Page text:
Charles Dickens

No Thoroughfare

Charles Dickens and Wilkie Collins

No Thoroughfare Page 07

When I told the poor lady, whose portrait you have got there, the name by which her infant was christened in the Foundling, I allowed myself to forget my duty, and dreadful consequences, I am afraid, have followed from it. I'll tell you the truth, as plainly as I can. A few months from the time when I had informed the lady of her baby's name, there came to our institution in the country another lady (a stranger), whose object was to adopt one of our children. She brought the needful permission with her, and after looking at a great many of the children, without being able to make up her mind, she took a sudden fancy to one of the babies--a boy--under my care. Try, pray try, to compose yourself, sir! It's no use disguising it any longer. The child the stranger took away was the child of that lady whose portrait hangs there!"

Mr. Wilding started to his feet. "Impossible!" he cried out, vehemently. "What are you talking about? What absurd story are you telling me now? There's her portrait! Haven't I told you so already? The portrait of my mother!"

"When that unhappy lady removed you from the Foundling, in after years," said Mrs. Goldstraw, gently, "she was the victim, and you were the victim, sir, of a dreadful mistake."

He dropped back into his chair. "The room goes round with me," he said. "My head! my head!" The housekeeper rose in alarm, and opened the windows. Before she could get to the door to call for help, a sudden burst of tears relieved the oppression which had at first almost appeared to threaten his life. He signed entreatingly to Mrs. Goldstraw not to leave him. She waited until the paroxysm of weeping had worn itself out. He raised his head as he recovered himself, and looked at her with the angry unreasoning suspicion of a weak man.

"Mistake?" he said, wildly repeating her last word. "How do I know you are not mistaken yourself?"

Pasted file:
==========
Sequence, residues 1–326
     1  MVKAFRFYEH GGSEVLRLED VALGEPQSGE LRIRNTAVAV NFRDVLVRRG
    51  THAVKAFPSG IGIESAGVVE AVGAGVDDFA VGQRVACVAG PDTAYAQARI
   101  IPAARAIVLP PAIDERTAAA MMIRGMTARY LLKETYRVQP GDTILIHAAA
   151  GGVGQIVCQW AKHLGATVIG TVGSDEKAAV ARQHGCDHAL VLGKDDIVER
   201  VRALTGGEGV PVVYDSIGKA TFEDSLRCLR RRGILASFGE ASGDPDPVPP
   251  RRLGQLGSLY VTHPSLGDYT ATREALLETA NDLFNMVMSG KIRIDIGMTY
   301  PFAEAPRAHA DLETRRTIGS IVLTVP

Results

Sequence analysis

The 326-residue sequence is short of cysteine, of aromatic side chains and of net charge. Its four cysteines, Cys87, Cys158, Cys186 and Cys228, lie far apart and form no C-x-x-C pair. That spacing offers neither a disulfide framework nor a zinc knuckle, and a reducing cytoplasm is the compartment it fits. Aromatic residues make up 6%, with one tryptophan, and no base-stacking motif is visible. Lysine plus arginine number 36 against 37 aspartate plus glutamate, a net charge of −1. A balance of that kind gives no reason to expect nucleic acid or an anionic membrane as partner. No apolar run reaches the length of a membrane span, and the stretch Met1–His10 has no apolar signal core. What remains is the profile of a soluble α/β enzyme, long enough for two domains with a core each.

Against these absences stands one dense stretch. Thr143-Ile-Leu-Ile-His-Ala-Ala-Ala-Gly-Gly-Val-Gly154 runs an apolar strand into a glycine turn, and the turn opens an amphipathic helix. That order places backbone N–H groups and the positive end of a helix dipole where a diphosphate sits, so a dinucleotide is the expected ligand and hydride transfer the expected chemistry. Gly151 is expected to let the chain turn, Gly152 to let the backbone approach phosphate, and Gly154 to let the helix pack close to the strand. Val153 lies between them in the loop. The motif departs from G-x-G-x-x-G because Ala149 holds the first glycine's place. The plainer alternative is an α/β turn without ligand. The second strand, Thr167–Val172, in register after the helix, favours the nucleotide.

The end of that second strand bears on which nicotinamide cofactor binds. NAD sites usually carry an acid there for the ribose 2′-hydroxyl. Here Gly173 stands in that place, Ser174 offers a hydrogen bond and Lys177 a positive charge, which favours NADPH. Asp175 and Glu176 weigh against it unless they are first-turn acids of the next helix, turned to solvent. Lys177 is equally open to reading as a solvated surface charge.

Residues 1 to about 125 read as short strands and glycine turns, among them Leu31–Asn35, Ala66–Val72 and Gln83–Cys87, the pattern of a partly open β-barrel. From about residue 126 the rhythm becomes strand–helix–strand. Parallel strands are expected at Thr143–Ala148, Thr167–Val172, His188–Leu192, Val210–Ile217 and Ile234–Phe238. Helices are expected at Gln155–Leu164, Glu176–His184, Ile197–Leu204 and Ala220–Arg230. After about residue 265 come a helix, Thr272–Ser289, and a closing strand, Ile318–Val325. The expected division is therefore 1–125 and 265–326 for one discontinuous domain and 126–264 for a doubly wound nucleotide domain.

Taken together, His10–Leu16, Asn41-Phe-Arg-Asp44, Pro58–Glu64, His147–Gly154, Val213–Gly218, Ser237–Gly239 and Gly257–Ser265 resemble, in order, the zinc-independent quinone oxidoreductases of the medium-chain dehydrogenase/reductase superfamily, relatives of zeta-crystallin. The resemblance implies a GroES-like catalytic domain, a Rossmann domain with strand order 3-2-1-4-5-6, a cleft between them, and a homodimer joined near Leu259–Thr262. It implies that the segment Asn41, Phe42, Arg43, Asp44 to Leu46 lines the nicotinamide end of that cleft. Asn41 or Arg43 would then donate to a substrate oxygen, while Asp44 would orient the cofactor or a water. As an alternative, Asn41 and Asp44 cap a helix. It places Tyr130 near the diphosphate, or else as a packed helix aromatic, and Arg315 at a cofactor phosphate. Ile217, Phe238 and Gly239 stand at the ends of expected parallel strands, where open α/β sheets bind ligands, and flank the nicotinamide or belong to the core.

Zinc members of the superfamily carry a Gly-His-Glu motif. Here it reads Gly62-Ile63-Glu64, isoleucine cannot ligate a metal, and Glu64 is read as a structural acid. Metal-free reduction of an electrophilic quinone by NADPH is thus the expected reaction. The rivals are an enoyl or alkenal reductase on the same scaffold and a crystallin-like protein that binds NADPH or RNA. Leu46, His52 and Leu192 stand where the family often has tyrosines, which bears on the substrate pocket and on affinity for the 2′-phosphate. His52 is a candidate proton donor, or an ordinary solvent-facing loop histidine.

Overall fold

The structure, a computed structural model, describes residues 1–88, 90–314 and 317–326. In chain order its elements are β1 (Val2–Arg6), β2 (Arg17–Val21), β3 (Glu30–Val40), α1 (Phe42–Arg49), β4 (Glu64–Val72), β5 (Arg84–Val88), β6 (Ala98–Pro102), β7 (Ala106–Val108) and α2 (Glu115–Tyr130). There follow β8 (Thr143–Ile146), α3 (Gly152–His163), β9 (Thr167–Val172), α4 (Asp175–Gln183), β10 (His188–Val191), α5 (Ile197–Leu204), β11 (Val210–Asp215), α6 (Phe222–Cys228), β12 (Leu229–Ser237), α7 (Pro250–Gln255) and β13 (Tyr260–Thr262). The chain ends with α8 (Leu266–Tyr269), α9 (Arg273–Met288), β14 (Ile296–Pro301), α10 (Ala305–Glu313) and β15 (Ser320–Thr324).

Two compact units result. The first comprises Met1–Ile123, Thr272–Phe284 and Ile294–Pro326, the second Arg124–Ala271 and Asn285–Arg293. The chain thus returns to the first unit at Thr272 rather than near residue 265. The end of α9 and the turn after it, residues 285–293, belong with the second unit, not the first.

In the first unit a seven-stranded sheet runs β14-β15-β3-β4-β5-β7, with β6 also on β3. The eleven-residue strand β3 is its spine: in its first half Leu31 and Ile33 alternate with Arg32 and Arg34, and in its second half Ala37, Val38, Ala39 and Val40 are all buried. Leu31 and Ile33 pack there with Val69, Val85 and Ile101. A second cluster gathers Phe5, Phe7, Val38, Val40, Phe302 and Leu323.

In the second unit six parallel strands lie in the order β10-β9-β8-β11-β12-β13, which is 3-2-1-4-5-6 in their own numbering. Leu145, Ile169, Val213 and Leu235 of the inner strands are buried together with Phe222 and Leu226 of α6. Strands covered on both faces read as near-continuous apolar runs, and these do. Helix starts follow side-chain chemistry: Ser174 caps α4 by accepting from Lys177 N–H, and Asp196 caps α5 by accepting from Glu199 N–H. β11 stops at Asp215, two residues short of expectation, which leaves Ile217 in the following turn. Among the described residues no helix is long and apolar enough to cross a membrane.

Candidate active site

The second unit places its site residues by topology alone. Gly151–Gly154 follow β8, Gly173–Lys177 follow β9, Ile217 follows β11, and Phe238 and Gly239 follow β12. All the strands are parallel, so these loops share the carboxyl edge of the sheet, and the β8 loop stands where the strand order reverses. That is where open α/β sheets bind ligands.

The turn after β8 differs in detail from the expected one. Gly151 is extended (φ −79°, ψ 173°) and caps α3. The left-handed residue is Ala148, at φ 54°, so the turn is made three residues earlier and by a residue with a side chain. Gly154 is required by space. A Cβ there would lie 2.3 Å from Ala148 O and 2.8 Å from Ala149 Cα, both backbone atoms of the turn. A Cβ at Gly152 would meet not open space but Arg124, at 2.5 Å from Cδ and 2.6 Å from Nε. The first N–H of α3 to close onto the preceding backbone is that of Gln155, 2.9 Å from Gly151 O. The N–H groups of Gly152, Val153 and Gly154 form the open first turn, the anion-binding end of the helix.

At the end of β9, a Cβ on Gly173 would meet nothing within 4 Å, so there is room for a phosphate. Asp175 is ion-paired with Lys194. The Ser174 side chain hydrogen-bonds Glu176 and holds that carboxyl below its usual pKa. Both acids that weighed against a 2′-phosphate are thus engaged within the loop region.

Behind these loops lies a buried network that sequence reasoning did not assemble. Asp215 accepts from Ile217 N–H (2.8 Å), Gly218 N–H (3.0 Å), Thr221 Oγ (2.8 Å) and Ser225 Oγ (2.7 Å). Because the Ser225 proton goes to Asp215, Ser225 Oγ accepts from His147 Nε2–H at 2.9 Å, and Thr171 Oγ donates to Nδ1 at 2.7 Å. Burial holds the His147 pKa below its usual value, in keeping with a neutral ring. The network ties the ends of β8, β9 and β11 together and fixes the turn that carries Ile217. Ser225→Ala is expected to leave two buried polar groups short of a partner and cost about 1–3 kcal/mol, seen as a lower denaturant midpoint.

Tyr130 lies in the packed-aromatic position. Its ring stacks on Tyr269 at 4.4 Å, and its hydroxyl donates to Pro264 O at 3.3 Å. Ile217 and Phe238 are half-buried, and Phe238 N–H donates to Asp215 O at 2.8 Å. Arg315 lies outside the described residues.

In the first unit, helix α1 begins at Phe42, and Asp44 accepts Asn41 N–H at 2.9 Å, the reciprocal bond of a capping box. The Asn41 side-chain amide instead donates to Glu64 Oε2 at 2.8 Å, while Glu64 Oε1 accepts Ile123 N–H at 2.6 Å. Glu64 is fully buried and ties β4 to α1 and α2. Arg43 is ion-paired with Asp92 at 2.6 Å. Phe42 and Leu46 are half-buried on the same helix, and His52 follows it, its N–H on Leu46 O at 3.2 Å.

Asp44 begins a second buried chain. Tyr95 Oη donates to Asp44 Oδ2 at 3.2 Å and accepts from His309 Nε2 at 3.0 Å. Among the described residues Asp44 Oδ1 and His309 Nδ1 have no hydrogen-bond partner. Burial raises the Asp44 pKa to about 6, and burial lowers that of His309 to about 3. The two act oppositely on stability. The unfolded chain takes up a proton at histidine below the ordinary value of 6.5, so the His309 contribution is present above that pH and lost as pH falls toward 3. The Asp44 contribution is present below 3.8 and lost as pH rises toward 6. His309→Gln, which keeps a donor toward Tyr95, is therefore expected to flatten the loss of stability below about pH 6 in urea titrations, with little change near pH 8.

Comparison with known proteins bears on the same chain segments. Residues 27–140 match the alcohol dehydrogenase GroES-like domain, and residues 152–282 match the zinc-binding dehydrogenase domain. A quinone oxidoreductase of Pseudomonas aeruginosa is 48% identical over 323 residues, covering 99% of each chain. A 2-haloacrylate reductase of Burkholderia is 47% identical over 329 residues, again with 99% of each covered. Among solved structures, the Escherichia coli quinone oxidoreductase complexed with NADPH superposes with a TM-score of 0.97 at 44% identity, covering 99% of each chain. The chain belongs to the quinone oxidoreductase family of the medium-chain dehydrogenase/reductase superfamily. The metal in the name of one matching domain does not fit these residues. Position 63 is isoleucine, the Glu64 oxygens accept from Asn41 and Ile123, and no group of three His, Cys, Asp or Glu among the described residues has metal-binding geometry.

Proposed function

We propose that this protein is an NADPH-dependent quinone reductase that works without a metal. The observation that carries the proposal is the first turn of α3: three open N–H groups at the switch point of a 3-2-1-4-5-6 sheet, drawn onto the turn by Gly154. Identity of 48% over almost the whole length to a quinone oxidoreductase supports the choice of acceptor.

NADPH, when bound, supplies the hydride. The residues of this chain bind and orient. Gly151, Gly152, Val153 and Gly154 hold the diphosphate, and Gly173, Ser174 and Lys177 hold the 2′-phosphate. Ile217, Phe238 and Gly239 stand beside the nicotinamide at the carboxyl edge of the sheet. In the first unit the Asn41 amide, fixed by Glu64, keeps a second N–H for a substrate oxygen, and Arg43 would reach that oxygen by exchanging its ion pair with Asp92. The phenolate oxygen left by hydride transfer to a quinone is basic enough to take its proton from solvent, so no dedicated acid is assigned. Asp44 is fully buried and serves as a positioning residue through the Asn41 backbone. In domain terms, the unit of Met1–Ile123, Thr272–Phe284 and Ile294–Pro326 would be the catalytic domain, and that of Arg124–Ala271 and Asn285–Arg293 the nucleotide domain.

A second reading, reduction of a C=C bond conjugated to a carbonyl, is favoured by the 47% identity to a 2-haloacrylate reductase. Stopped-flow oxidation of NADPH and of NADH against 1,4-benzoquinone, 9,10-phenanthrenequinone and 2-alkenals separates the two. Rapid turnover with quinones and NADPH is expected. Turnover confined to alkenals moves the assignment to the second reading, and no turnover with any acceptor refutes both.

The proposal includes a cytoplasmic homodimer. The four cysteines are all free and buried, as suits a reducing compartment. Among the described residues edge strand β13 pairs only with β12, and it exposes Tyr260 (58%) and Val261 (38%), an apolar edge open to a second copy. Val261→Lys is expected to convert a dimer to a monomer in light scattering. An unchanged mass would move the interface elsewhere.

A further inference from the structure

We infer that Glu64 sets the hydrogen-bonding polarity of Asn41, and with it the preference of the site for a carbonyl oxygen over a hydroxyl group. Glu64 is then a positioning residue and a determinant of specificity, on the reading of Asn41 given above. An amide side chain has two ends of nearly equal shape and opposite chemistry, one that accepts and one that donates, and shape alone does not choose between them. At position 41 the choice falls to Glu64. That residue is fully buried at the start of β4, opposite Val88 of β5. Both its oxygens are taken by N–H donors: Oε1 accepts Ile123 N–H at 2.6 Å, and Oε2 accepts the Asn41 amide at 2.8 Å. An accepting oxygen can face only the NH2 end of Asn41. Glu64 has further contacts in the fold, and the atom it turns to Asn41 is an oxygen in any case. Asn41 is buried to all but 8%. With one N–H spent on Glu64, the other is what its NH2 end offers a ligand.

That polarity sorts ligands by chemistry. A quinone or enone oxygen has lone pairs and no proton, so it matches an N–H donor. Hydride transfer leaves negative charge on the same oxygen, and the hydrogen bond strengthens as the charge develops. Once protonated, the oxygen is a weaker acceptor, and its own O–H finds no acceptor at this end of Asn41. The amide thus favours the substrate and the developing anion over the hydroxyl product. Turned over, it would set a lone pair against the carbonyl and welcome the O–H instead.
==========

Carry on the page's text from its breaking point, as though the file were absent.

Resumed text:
"There is no hope that I am mistaken, sir. I will tell you why, when you are better fit to hear it."

"Now! now!"

The tone in which he spoke warned Mrs. Goldstraw that it would be cruel kindness to let him comfort himself a moment longer with the vain hope that she might be wrong. A few words more would end it, and those few words she determined to speak.

"I have told you," she said, "that the child of the lady whose portrait hangs there, was adopted in its infancy, and taken away by a stranger. I am as certain of what I say as that I am now sitting here, obliged to distress you, sir, sorely against my will. Please to carry your mind on, now, to about three months after that time. I was then at the Foundling, in London, waiting to take some children to our institution in the country. There was a question that day about naming an infant--a boy--who had just been received. We generally named them out of the Directory. On this occasion, one of the gentlemen who managed the Hospital happened to be looking over the Register. He noticed that the name of the baby who had been adopted ('Walter Wilding') was scratched out--for the reason, of course, that the child had been removed for good from our care. 'Here's a name to let,' he said. 'Give it to the new foundling who has been received to-day.' The name was given, and the child was christened. You, sir, were that child."

The wine-merchant's head dropped on his breast. "I was that child!" he said to himself, trying helplessly to fix the idea in his mind. "I was that child!"